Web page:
A positive association was observed between diet soft drink consumption and obesity in girls. This was an unexpected finding given that diet soft drinks do not contain any calories. However, previous studies have also reported a positive association between diet beverage consumption and weight gain in adolescents [37,38]. There are two potential explanations for this observation. First, it has been suggested that exposure to artificial sweeteners may increase appetite sensations and food intake in some cases [39]; however, most studies have failed to show an association between artificial sweeteners and food intake [40]. Second, given that this study is cross-sectional, reverse causation may be playing a role; it may be that obese girls are preferentially selecting diet soft drinks in an attempt to control their weight. In general, the relationship between diet beverage consumption and obesity in children is not well understood, and more research is required using longitudinal and intervention designs.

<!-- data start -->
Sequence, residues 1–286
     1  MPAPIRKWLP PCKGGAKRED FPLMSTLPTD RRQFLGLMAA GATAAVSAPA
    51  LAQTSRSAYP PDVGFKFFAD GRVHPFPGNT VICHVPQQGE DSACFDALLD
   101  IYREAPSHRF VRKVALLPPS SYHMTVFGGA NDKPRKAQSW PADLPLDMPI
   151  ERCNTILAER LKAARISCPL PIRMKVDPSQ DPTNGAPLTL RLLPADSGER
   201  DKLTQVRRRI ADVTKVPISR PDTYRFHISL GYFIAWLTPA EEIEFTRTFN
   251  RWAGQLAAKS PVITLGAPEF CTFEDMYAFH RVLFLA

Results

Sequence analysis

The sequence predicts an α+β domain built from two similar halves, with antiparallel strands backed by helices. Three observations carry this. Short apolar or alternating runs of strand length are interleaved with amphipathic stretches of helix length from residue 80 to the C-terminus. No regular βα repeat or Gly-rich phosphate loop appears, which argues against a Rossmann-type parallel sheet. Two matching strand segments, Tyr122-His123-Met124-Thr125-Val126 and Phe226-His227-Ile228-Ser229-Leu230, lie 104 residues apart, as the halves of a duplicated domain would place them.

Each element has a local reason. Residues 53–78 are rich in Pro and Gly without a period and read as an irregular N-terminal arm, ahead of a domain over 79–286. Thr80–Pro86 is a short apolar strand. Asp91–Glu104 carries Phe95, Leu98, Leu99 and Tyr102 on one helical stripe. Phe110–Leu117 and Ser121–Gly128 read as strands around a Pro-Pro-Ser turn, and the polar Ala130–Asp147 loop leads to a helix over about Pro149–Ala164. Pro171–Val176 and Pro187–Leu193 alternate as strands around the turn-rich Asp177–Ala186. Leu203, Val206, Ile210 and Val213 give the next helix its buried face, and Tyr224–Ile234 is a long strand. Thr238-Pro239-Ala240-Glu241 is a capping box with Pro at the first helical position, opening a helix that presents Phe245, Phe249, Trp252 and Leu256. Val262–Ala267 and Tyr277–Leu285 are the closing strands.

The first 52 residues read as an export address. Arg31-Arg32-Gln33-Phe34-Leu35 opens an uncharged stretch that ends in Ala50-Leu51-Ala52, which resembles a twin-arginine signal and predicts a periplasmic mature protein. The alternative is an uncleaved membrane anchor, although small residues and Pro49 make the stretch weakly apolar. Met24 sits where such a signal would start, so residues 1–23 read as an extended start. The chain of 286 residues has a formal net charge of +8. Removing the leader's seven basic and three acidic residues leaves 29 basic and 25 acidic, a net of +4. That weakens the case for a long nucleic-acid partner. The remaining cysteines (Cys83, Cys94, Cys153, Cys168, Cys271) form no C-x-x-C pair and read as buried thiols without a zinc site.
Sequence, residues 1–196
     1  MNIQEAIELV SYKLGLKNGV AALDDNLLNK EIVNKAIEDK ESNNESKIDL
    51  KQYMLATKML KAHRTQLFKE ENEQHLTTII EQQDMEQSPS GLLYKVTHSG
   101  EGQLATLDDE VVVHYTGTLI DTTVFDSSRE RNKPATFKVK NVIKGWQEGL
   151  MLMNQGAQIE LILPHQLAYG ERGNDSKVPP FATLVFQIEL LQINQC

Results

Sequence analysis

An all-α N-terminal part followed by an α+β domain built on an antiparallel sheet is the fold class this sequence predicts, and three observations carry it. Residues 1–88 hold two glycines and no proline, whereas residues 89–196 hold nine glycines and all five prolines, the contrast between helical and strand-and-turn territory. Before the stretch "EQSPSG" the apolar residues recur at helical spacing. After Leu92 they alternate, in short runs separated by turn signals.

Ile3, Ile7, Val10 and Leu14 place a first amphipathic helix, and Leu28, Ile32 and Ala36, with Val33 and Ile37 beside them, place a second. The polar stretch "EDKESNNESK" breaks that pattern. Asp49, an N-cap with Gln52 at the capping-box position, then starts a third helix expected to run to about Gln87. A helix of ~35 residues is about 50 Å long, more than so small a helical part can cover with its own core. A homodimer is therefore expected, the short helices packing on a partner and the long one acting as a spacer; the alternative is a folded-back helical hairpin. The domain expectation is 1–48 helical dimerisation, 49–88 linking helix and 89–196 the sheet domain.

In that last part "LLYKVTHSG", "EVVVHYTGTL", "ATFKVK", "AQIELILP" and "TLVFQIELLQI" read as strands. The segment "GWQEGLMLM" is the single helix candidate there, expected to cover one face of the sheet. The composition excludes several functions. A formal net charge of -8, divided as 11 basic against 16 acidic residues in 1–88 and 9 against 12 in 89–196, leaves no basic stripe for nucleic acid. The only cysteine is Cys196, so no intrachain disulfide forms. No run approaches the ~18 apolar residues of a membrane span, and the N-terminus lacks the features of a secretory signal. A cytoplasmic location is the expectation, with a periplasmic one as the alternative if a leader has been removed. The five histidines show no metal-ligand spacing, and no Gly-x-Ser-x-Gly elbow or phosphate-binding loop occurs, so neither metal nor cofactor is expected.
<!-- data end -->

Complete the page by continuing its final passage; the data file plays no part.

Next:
This study included sites from countries varying widely in levels of economic and human development. Significant interactions were observed between level of economic development and soft drink consumption. Stratified analyses revealed that the positive association between consumption of regular soft drinks and BMI z-scores in boys was limited to the group of low and low-middle income countries (Kenya and India), and further stratification by study site revealed that the positive association was only significant in boys from India. On the other hand, the strong positive association observed between diet soft drink consumption and BMI z-score (and % body fat and obesity) in girls was predominantly observed in upper-middle and high income countries. Although the site-level sample sizes in individual sites of ISCOLE may not be sufficient to identify significant associations, these results suggest that further research on the association between soft drink consumption and obesity should be performed in different contexts such as those found in developing countries, especially since the majority of the existing research has been conducted in high income countries.